Where’s Hitch?  This Hitchcock cameo is easy to spot, as Hitchcock, holding a newspaper, passes Joel McCrea on the street at about the 12:40 mark.

Academy Awards:  Foreign Correspondent received 6 Oscar nominations:  Best Picture, Supporting Actor (Albert Basserman), Cinematography,  Art Direction, Original Screenplay, Special Effects.  It lost in all categories.  (Hitchcock’s Rebecca  won Best Picture this same year.)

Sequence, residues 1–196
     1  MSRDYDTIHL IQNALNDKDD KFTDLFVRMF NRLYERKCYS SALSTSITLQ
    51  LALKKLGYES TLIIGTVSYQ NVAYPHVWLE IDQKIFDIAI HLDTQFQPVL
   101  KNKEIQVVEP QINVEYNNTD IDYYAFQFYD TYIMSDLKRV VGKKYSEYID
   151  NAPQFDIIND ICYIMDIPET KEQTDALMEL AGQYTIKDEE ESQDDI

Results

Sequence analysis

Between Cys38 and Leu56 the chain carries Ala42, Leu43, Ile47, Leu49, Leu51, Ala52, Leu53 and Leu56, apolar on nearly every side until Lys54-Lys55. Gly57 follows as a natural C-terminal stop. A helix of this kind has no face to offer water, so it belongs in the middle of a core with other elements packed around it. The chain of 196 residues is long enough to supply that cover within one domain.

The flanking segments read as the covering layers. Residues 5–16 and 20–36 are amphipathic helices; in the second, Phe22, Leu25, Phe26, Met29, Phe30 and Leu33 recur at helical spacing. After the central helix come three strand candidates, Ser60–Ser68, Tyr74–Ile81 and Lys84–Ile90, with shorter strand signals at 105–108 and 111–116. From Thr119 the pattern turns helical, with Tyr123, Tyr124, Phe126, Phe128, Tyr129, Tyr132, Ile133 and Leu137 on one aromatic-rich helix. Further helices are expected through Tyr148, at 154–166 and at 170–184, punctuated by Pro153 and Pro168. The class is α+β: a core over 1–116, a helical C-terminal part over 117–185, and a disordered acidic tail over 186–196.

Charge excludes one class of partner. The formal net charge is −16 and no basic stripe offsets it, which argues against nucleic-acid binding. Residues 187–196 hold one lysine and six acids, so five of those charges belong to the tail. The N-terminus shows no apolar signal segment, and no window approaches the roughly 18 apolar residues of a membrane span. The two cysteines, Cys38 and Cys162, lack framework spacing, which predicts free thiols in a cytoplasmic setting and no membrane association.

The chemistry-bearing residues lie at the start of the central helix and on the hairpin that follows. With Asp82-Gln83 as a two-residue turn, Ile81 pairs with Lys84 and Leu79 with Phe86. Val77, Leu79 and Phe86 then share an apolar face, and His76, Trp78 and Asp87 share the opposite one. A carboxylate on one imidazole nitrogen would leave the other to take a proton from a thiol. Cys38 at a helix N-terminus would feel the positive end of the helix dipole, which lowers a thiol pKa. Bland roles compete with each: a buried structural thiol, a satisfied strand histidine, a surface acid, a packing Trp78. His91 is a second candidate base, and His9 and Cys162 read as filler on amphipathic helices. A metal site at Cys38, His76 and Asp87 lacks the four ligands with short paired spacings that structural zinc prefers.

0688 Screenplay:  Producer Walter Wanger owned the rights to a book  called Personal History by Vincent Sheehan, which was the starting point for this screenplay.  By the time the screenplay was finished, it bore no resemblance to the book at all, so the book was not listed in the film’s credits.   Hitchcock regulars Charles Bennett and Joan Harrison were the principal writers, but Robert Benchley (who also acts in the film) added some of his incomparable wit,  just as his Algonquin cohort Dorothy Parker would later add her unique wit to the screenplay for Hitch’s Saboteur.  Benchley contributed what has to be one of the wittiest lines in any Hitchcock film.  At a peace conference, Stephen Fisher has just finished giving a speech;  he then introduces his daughter, who begins to talk.  A man leans over to Joel McCrea and says “The female of the speeches is deadlier than the male”, a clever play on the word species, and trademark Benchley.  Another Hitchcock regular,  Ben Hecht, wrote the speech that ends the movie, a moment of pure propaganda.